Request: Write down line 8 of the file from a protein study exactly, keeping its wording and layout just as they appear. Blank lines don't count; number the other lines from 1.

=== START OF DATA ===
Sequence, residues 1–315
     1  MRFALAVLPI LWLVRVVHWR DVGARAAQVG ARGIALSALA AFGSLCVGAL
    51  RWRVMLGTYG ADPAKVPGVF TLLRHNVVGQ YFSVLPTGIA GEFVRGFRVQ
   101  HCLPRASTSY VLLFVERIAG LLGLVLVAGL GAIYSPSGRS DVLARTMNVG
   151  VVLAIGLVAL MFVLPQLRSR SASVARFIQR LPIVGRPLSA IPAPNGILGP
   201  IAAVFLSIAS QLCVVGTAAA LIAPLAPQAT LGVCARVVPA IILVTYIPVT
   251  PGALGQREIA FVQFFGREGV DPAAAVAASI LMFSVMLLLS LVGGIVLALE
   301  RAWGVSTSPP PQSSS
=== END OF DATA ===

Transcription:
   301  RAWGVSTSPP PQSSS